After the prayer meeting, Mirai talked to us with warmth and inspiration about their work, and cast a mind-boggling perspective on the lives of women in India. She talked about the slow pace of change, and how she has come to think in “20 year bites”. But what had already been accomplished by this organization since 1972—a year that witnessed the undeniable movement of Feminism begin to change the thinking and the lives of women globally—was beyond inspirational. 

After a shared lunch seated on the floor, during which we were introduced to a woman named Lalita (who with an aura of motherly power seemed a bit like a Matriarch within the organization) we piled into two vehicles and drove to our first meeting with a women’s artisan cooperative. The chaos of Indian traffic seemed to have been amplified by a factor of a hundred in Ahmedabad. Driving through absolute mayhem, we landed at the end of street too narrow to drive a car into. We got out and walked our way down this street which, despite its narrowness, was jampacked with pedestrians, dogs, cows, motorbikes and the everpresent green and yellow auto-rickshaws. We were in the old part of the city, and the houses and shops vibrated with antiquity. Reaching the older-than-anything-we-know-in-the-United States building of our destination, we entered and were immediately greeted by a woman sitting on the floor doing traditional blockprinting on a large piece of fabric. Moving slowly up to the second floor, we passed other women sitting on their section of floor immersed in their own creative process with some gorgeous piece of fabric, and then on up to the third floor, where a group of these organized artisans were gathered on the floor in a beautiful old room filled with fabric, books, and a pervasive sense of peace.

We all sat together, with Lalita being our guide and translator. We learned about how it is not just traditional patterns and processes which were being remembered and created (although these were stunningly beautiful), but how the women are encouraged to create something new. Books are there to browse through and inspire their designs, so that these  fabric artforms--blockprinting, appliqué, embroidery, mirrorwork--continue to evolve as they become infused with the creative expressions of these contemporary artisans. This was the proud daily work of these women. Their finished pieces are sold in various SEWA stores in cities around India, and are beginning to move out into the rest of the world  No middleperson. The majority of sales income goes directly into the bank accounts of these women, bringing the aforementioned security to their lives. The concept of Fair Trade at its finest.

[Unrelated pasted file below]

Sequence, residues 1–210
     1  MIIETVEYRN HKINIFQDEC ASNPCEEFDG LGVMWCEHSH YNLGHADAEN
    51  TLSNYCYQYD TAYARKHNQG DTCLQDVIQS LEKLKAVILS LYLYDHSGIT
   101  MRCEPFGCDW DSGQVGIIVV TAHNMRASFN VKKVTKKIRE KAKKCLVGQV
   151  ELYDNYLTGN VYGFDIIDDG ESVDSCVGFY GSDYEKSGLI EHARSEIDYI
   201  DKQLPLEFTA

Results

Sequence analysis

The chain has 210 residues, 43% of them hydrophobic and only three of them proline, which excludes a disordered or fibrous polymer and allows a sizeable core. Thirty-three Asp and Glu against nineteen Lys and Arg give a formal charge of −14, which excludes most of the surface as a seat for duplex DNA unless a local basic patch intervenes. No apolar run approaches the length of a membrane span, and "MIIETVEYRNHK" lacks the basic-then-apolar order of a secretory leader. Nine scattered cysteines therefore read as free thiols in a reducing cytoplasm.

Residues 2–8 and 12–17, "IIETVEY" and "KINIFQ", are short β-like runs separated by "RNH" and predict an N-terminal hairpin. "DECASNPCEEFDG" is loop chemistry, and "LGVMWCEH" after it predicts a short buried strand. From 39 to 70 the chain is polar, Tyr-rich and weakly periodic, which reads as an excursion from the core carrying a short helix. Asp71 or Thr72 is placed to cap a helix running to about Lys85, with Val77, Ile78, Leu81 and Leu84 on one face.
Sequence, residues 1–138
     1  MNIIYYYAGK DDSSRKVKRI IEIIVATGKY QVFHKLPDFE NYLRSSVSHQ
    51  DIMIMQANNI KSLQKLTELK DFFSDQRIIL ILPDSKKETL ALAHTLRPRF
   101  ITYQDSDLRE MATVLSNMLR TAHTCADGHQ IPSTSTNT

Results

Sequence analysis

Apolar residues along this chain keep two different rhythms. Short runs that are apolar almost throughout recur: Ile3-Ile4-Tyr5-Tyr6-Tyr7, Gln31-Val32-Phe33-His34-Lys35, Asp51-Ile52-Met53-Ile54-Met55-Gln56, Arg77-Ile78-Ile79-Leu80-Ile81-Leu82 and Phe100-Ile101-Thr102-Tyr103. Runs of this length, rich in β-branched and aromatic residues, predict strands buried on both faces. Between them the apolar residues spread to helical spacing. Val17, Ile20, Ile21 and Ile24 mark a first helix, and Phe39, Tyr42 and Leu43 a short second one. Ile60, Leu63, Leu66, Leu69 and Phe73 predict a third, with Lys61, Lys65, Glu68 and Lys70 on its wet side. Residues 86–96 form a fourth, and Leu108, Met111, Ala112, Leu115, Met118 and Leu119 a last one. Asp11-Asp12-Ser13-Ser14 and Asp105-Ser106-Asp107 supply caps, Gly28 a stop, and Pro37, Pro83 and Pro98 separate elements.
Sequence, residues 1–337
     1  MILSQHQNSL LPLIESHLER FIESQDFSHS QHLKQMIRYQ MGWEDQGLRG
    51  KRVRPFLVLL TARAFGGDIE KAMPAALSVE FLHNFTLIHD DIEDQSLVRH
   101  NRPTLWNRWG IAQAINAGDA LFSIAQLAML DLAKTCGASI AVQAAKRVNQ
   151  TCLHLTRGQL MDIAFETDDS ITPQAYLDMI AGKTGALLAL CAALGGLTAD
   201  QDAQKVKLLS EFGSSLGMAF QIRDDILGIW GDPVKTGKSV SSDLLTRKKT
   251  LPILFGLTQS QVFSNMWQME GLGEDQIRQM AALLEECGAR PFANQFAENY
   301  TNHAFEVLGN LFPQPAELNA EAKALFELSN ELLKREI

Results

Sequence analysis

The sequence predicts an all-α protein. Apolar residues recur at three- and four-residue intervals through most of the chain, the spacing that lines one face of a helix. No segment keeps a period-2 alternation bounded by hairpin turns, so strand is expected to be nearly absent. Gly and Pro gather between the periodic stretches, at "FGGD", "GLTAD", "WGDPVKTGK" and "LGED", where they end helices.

Masala tea was brought in for us all, and after admiring their recent and current work, we asked if they ever sang as they worked. We were treated to a couple of traditional songs with inspiring poetry by the group of brightly clad women, and then a brave solo song and dance from one young woman. It was if a tsunami of energy poured through her, pushing against the societal history of shyness and subservience. She took the floor, we were mesmerized by her spontaneous performance, and then she sat down and covered her face with her hands as she giggled through the spirited applause of her Indian colleagues and American guests alike. 

We sang Woke Up This Morning for them, which they LOVED. And then, again, we joined our voices in a rendition of We Shall Overcome with these women who are bravely doing their part in the broader picture of social change for women in India. We cannot underestimate the profoundly entrenched societal forces that have to be indeed overcome and transformed for these women to have gotten to this point. They can now contribute to their family’s security and be protected in the process—all while sitting in a peaceful third floor room creating every day in the company of their beautiful sisters. I understood why We Shall Overcome—such an important song in the Civil Rights Movement of the 60’s here—seemed to have been adopted all over India as a widely known anthem of social change. There is SO much to overcome in India. It is unfathomable how much there is to overcome in India. But thanks to the inspired work of women like Mirai and her dedicated colleagues, change IS happening—even if in 20 year bites. Despair and resignation is being replaced by hope and action across this vast land. 

Gandhi’s ashram is very close to here. There was sadly not enough time for us to visit it. However, this man who changed India continues to inspire the daily work of so many. Thank you, Gandhiji.

Sue